Committee Chair

Craddock, J. Hill; Shaw, Joey

Committee Member

Chatzimanolis, Stylianos


Dept. of Biological and Environmental Sciences


College of Arts and Sciences


University of Tennessee at Chattanooga

Place of Publication

Chattanooga (Tenn.)


North American Castanea Mill. (Fagaceae) consists of three morphologically variable species: Castanea dentata, Castanea pumila and Castanea ozarkensis. Taxonomy of these species has been complicated by intermediate morphology, similarity in growth habit, and putative naturally occurring hybridization where species' ranges overlap in the southeast. The main goals of the present study were to: 1) determine if genetics reflect the morphological variation observed in southeastern populations of North American Castanea, 2) explore the extent of cpDNA haplotype sharing among these taxa, and 3) map haplotype distribution in relation to morphotaxa. Finally, I wanted to use the information obtained from these analyses to gain insight into southeastern populations,where intermediate morphologies and putative hybridization are confounding taxonomy. I sequenced the trnV-ndhC intergenic spacer region (~380 bp) of the chloroplast for 233 Castanea accessions collected throughout the range of the genus, with a focus on southern Appalachian populations from Georgia, Tennessee and North Carolina. I identified four main chloroplast haplotypes and found that for three of these haplotypes, leaf morphology is a reliable indicator of haplotype identity. I found that the fourth haplotype is shared among accessions of C. dentata and C pumila, and is also found in trees with intermediate morphology. The geographic mapping of these haplotypes revealed that each haplotype is found in a separate geographic range, allowing for the comparison of current distributions with locations of possible glacial refugia. Although the precise genetic basis of the confounding morphology in southeastern populations of North American Castanea is still uncertain, an intricate biogeographical history combined with the tendency of taxa within this genus to share haplotypes in sympatric areas could explain much of the morphological complexity of Castanea.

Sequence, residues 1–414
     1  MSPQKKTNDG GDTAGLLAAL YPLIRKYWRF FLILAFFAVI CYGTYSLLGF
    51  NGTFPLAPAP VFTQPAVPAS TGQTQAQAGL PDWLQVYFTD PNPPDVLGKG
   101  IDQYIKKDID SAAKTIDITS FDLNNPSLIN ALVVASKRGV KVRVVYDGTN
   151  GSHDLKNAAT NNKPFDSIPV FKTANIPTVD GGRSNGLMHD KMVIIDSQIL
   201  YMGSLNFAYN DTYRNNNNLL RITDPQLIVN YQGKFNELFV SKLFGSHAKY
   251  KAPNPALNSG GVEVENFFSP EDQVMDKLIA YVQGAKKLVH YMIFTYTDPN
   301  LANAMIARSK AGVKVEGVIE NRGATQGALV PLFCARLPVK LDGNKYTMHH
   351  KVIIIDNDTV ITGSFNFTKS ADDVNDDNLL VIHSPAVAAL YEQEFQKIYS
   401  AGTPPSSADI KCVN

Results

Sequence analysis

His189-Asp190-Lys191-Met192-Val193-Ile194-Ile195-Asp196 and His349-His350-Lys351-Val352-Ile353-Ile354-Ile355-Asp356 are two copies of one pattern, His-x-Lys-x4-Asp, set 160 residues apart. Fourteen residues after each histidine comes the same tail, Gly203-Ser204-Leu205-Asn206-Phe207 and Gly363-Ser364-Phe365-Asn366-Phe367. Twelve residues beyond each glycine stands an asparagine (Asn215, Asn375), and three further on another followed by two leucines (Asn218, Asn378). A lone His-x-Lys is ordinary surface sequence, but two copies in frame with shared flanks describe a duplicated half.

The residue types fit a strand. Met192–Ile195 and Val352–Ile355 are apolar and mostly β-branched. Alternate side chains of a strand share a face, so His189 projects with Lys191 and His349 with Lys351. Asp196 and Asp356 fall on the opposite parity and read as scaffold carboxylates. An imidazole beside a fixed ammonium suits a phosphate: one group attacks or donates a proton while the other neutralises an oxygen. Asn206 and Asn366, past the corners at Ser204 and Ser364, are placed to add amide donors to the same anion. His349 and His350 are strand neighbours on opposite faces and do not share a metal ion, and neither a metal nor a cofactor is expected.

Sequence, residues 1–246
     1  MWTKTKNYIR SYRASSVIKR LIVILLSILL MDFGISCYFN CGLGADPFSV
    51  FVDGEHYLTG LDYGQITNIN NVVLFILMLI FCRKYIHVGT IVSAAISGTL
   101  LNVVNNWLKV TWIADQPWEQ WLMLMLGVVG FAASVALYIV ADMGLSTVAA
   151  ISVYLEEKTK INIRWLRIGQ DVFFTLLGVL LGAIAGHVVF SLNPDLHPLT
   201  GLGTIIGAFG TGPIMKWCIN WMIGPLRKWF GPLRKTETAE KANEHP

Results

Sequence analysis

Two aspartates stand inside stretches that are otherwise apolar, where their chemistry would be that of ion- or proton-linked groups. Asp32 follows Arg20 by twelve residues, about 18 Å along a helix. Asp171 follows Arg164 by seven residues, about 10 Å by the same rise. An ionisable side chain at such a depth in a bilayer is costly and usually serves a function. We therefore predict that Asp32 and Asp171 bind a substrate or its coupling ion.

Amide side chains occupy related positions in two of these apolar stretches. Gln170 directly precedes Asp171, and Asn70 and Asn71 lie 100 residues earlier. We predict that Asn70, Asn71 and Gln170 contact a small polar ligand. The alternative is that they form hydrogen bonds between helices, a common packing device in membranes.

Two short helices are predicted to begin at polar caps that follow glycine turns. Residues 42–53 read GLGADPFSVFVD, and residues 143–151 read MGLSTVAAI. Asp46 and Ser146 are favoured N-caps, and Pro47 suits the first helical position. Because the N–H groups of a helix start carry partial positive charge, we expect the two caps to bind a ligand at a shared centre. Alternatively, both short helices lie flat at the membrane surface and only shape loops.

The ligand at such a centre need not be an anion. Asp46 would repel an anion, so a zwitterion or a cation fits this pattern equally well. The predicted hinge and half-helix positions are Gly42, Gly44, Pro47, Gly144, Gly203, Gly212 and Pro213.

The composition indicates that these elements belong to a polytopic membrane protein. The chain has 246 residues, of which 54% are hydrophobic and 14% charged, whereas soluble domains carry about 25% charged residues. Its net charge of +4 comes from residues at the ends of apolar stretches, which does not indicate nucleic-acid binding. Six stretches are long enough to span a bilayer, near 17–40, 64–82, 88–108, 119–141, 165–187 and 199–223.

M. S.; A thesis submitted to the faculty of the University of Tennessee at Chattanooga in partial fulfillment of the requirements of the degree of Master of Science.




American chestnut; Chestnut -- Varieties -- North America


Environmental Sciences



Document Type

Masters theses


vii, 67 leaves